Pregnancy Brain: Myth or Reality?

Relax, pregnancy does not change your brain. But it may affect how mentally sharp you feel.

You may have heard about little bouts of forgetfulness during pregnancy. It's sometimes called momnesia or sometimes "pregnancy brain." At least one Australian studyhas cast doubt on whether there is such a thing as pregnancy brain.

But what if it's real? What can you do about it while you're pregnant?

Pregnancy Brain Is Real, but...

Pregnancy does not change a woman's brain even though some women don't feel as sharp as usual when they're pregnant.

Helen Christensen, PhD, of The Australian National University, says, "If you read pregnancy manuals and listen to pregnant mothers -- yes, there is such a thing as pregnancy brain or momnesia. And there is also evidence from research showing deficits in memory."

But, she adds, "the evidence from our study shows that the capacity of the brain is unaltered in pregnancy."

What Causes “Momnesia?”

It’s 100% normal to have memory lapses or be forgetful when you’re busy, stressed, or short on sleep, Christenson says.

Jane Martin, MD, director of the Neuropsychological Testing and Evaluation Center at New York's Mount Sinai Medical Center, agrees. "When you are not getting enough sleep and are multitasking, nobody's memory is good," she says. "You are not cognitively sharp when you haven't slept well."

Surging hormone levels and new priorities may help explain why pregnancy brain happens.

"There is 15 to 40 times more progesterone and estrogen marinating the brain during pregnancy," Louann Brizendine, MD, director of the Women's Mood and Hormone Clinic at the University of California, San Francisco, says. "And these hormones affect all kinds of neurons in the brain. By the time the woman delivers, there are huge surges of oxytocin that cause the uterus to contract and the body to produce milk -- and they also affect the brain circuits."

Pregnancy also shuffles what gets your attention. Your IQ doesn't change, but your priorities do.

"You only have so many shelves in your brain, so the top three are filled with baby stuff," Brizendine says.

Hormones may also affect spatial memory -- which includes remembering where things are -- in pregnant women and new moms, a British study shows.

Continued

What Pregnancy Brain Feels Like

Pregnancy brain is "the feeling of walking into a room, going after something, and not remembering what you went for about five to 10 times a day," Brizendine says.

There may also be an evolutionary aspect to it. Women’s health expert Donnica Moore, MD, says, "It has been postulated that, from an evolutionary standpoint, this memory impairment may be helpful so that women will forget about other stuff and focus on caring for the child."

Many pregnant women and new moms spend a lot of time thinking about the changes that having a baby will bring or taking care of their newborn. As a result, their short-term memory may suffer.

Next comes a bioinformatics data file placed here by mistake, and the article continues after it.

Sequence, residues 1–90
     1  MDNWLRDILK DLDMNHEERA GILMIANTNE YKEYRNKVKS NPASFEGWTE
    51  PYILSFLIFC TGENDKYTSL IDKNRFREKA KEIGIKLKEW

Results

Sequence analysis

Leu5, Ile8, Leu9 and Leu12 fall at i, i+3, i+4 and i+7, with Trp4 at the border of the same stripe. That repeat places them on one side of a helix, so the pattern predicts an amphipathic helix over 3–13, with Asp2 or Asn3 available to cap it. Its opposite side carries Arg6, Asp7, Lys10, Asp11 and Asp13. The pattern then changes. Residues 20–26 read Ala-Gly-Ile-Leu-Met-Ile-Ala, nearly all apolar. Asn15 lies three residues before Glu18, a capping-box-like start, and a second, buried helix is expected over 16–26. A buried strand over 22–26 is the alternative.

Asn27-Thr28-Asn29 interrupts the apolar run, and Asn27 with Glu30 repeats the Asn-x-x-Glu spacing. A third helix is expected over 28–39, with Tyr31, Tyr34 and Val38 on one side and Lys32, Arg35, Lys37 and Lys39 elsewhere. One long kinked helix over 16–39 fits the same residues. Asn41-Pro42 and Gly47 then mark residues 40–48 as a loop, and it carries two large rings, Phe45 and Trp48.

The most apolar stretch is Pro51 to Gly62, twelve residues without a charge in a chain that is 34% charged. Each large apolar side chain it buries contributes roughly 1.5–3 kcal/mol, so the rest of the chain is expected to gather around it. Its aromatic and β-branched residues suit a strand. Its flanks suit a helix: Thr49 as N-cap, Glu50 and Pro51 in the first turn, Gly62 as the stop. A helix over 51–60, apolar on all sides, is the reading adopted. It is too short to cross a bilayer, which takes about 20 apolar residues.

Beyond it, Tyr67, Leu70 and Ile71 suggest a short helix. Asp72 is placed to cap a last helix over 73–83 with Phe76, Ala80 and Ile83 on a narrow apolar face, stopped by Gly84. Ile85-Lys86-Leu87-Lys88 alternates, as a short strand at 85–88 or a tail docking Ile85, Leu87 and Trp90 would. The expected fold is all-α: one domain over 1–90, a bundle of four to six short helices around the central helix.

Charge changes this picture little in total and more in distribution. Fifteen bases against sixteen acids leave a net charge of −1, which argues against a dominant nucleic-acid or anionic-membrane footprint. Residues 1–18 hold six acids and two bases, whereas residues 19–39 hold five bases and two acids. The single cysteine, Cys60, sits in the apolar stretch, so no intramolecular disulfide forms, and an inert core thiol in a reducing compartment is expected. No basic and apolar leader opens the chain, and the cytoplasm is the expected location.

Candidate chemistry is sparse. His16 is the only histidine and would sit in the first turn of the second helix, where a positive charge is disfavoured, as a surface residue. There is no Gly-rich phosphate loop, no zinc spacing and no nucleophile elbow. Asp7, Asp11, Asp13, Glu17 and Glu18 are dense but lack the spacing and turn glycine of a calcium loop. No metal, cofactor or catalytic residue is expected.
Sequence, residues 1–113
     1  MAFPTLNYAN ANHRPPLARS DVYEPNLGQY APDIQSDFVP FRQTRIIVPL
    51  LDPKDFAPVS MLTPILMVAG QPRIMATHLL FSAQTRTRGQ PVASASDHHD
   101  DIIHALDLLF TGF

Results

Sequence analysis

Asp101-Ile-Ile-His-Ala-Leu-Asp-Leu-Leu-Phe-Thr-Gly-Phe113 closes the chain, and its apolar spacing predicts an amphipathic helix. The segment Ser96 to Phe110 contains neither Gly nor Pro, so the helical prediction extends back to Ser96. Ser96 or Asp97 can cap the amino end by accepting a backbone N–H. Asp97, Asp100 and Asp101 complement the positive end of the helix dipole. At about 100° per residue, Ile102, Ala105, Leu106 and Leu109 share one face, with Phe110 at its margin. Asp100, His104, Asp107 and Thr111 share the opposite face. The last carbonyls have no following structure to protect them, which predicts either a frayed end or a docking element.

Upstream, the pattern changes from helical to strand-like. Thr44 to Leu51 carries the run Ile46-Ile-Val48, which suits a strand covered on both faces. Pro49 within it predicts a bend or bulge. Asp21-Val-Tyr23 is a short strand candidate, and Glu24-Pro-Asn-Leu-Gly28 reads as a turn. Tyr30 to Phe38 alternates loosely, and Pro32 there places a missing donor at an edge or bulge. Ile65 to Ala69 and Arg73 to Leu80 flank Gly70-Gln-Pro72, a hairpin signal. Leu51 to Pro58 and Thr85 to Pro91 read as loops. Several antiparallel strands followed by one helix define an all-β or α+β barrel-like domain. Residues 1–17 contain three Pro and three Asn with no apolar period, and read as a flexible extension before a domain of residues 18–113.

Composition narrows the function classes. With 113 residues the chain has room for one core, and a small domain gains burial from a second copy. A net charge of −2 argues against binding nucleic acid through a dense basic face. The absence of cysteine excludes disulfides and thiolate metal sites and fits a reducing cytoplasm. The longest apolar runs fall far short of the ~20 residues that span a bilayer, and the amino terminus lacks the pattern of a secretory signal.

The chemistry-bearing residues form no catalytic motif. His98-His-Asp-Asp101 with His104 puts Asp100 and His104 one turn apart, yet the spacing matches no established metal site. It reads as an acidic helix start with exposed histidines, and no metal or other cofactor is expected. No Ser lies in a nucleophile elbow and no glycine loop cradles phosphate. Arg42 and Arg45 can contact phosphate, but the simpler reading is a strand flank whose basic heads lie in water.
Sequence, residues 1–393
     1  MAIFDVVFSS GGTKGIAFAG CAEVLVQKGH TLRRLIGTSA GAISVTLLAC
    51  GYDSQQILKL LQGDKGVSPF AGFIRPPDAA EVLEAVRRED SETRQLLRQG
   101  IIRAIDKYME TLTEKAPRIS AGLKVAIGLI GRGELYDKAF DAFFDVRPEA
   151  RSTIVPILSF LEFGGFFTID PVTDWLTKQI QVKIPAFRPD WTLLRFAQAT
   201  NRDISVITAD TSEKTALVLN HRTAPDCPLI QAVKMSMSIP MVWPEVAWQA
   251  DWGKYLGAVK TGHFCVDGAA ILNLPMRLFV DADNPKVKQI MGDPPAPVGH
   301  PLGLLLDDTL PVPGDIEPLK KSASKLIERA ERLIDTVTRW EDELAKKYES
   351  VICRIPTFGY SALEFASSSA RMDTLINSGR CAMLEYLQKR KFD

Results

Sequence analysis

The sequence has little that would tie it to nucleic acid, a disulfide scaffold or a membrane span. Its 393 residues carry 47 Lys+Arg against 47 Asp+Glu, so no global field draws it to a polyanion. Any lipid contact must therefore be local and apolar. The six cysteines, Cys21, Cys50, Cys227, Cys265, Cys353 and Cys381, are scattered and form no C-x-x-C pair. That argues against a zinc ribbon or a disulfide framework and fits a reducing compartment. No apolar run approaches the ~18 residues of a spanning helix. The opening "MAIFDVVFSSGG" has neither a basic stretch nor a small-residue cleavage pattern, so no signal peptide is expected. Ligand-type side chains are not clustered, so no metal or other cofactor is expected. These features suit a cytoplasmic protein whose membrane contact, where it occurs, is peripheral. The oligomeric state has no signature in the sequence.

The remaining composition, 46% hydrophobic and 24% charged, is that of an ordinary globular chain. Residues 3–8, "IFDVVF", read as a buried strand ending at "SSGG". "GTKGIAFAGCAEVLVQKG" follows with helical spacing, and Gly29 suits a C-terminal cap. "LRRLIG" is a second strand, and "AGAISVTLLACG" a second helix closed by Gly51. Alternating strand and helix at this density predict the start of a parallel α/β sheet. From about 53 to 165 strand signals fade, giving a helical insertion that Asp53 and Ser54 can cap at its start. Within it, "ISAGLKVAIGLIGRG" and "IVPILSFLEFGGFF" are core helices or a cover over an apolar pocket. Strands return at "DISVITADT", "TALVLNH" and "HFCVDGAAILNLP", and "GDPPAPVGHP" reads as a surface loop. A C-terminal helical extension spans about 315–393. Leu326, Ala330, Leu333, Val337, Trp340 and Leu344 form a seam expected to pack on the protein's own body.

How to Help Your Memory

Moore says if you feel you're not as sharp as usual, that should be "your first tip-off that, when you are preparing to have a baby, you need to simplify other areas of your life because life is about to get a lot more complicated."

After the baby arrives, sleep deprivation is clearly a contributing factor. Brizendine says, "Women accumulate up to 700 hours of sleep debt in the first year after having a baby, and that causes the brain not to be at its best for things other than caring for the baby."

So what can you do?

Write things down. Ob-gyn Geeta Sharma, MD, of New York-Presbyterian Hospital/Weill Cornell Medical Center, says, "Most patients comment, 'I have to write my questions down or I will forget,' and then mention that they are more forgetful in general."

Jotting things down, whether on a grocery list or a list of questions to ask your obstetrician, helps. "Make lists, use a day planner, and keep your sense of humor," Moore says.

Get more sleep. This may be tricky for new parents. But it can make a real difference. "Most moms need more deep sleep, and within a week of getting better sleep, some of this momnesia stuff goes away," Brizendine says.

"If your memory problems are getting in the way of taking safety precautions or if you find yourself doing things like forgetting to put your child in the car seat, worry," Brizendine says. "Otherwise, it's normal."

WebMD Feature Reviewed by Traci C. Johnson, MD on September 03, 2014

Sources

SOURCES:

Helen Christensen, PhD, professor, The Australia National University, Canberra, Australia.

WebMD Health News: "Just How Real Is Pregnancy Brain?"

Louann Brizendine, MD , director, Women¹s Mood and Hormone Clinic, University of California at San Francisco.

Donnica Moore, MD, women's health expert, Far Hills, N.J.

Geeta Sharma, MD, assistant professor of obstetrics and gynecology, New York-Presbyterian Hospital/Weill Cornell Medical Center, New York City.

Bena Blakeslee, Westchester, N.Y.

Jane Martin, PhD, assistant professor of psychiatry, the co-director of the Neuropsychological  Testing and Evaluation Center,  Mount Sinai Medical Center, New York City.

Christensen, H. The British Journal of Psychiatry, February 2010.

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